Introducing our newest blogger… current joint law student Sarah!

Greetings, prospective students! My name is Sarah Wegmueller, and I am a joint MEM/JD candidate at Yale’s School of Forestry and Pace Law School. I’m happy to offer insight about the joint master’s/law program, but first I thought I would tell you a bit about myself. My family has a Brown Swiss dairy farm in Monroe, Wisconsin, and I grew up milking cows, selling sweet corn, unloading hay, and performing other typical farming tasks. I majored in Political Science/International Relations, and minored in Mandarin Chinese and East Asian Studies at Carleton College. After I graduated from Carleton, the travel bug bit me hard, and I spent time wwoofing in Corsica, interning in Shanghai, and sailing the Pacific Ocean. I also worked for two years at the Environmental Law Institute in Washington, DC, which inspired me to head to FES and Pace Law.

As a joint degree candidate, I have finished two years of law school and have just started the first of three semesters at FES. I will still take one more semester at Pace, so I expect to graduate in the spring of 2014 with both degrees. The joint degree program has been fantastic so far, but it’s definitely a balancing act. I am kept busy with the incredible opportunities at Yale, from attending discussions on hydrofracking, to singing Chinese songs for the Mid-Autumn Festival. And, of course, completing coursework in environmental economics and physical sciences! I am still taking two credits at Pace as an acquisitions editor of the Pace Environmental Law Review (PELR). Luckily, I can work on these credits remotely, so most all of my time is here at Kroon and Sage, the FES buildings.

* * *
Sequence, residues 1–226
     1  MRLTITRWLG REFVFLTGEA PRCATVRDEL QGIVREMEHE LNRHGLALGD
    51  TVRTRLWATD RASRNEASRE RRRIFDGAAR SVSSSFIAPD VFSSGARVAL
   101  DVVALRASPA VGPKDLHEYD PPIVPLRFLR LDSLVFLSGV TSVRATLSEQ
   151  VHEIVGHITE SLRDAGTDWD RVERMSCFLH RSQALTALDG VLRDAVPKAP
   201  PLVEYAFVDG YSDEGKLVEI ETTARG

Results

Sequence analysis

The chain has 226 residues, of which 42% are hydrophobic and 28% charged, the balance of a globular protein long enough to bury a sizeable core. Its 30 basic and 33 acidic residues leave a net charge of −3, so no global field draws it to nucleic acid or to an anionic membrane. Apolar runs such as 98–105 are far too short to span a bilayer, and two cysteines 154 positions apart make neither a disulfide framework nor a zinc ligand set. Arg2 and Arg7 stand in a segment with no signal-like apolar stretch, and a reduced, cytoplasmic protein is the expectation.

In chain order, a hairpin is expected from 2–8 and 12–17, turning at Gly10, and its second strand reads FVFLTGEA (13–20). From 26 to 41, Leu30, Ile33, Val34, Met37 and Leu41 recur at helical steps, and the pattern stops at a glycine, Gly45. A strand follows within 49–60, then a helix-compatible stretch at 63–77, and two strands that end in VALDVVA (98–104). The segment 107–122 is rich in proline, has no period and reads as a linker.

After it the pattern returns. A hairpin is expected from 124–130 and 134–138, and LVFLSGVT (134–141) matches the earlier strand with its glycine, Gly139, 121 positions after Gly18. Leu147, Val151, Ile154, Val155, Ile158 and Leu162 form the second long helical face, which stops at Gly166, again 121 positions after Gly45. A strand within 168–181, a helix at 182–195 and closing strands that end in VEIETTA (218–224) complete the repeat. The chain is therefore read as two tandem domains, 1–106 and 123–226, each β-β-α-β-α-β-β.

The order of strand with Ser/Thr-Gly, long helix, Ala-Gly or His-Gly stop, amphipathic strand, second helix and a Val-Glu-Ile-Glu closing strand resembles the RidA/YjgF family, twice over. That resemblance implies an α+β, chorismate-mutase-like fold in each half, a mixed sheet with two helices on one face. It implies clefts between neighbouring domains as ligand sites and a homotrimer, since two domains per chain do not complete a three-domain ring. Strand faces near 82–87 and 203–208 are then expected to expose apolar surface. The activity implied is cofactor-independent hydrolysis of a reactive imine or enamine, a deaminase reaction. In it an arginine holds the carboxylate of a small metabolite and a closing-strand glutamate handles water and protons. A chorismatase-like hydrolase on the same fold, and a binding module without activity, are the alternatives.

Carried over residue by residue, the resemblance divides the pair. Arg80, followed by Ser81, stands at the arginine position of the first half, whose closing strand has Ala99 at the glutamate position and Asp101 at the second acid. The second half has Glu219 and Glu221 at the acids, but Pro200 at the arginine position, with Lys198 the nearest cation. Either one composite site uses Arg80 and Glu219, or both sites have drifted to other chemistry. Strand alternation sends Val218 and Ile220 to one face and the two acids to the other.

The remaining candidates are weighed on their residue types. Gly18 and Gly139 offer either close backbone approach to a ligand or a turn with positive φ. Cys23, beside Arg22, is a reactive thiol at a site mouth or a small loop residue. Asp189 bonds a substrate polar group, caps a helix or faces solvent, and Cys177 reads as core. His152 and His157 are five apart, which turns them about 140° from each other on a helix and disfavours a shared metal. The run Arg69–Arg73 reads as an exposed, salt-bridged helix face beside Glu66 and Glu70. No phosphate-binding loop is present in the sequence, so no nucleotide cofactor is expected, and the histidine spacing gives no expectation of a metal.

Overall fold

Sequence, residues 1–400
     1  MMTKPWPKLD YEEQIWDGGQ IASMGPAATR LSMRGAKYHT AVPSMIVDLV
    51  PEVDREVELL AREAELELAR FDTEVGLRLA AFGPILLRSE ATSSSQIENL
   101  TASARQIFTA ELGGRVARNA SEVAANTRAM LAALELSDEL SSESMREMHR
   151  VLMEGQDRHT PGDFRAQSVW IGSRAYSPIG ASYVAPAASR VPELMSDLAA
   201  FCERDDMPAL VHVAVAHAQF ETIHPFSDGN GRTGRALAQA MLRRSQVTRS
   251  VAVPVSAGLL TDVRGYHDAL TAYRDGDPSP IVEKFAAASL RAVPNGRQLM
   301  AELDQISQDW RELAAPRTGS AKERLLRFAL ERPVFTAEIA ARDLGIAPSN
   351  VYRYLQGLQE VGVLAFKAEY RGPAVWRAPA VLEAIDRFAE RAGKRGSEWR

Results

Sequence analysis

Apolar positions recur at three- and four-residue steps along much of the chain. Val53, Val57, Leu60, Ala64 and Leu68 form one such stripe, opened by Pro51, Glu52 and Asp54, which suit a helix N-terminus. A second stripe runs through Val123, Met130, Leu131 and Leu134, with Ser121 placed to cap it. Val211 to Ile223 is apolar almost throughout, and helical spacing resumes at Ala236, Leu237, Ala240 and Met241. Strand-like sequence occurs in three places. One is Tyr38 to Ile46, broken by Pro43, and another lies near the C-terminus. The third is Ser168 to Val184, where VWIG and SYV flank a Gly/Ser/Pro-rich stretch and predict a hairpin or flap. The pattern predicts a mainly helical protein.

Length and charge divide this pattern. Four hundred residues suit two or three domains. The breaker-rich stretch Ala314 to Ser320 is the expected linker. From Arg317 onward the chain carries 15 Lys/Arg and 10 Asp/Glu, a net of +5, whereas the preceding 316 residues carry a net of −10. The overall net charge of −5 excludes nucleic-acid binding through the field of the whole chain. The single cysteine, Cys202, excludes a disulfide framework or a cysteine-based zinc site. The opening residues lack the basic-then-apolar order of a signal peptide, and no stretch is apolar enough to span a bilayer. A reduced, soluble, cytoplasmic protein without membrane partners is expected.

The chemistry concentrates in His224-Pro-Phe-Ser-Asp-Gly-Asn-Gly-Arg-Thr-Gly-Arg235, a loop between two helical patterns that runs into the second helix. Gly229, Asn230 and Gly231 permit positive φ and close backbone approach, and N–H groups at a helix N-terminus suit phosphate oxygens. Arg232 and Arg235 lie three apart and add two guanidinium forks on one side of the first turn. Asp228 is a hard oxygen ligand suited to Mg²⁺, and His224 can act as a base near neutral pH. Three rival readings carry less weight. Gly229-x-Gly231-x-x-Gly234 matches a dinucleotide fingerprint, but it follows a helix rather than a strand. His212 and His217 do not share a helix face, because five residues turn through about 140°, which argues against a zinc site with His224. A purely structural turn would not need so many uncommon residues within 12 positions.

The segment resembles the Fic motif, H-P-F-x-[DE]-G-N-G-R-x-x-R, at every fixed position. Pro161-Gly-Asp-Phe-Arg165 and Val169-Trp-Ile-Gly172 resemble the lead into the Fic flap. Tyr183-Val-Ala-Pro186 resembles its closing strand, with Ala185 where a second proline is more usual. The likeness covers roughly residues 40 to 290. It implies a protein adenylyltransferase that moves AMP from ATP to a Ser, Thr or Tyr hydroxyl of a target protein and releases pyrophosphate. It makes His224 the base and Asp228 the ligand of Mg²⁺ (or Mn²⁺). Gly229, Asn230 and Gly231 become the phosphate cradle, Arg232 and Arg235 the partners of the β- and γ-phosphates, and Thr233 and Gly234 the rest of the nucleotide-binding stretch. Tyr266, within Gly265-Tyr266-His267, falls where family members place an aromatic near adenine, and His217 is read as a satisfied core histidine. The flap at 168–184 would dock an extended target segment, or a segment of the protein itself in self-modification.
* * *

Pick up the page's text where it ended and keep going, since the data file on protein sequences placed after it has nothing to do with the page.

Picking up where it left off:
What will I do with the joint degree? I am not entirely sure yet, and am trying to stay flexible. However, at Yale my studies will focus on largely on corporate environmental governance, industrial ecology and energy policy. My dilemma is that all of the courses at FES are incredibly interesting! I want to practice law, but I am earning my MEM so that I can understand the science behind the regulations in place and being proposed. I believe that my MEM degree will enable me to help companies comply with environmental regulations while staying profitable. In the alternative, I would love to work for local governments helping enforce environmental regulations.

If you have questions about the joint degree program, milking cows, or learning Chinese, please feel free to shoot me an email!

Sarah Wegmueller
Sarah.wegmueller@yale.edu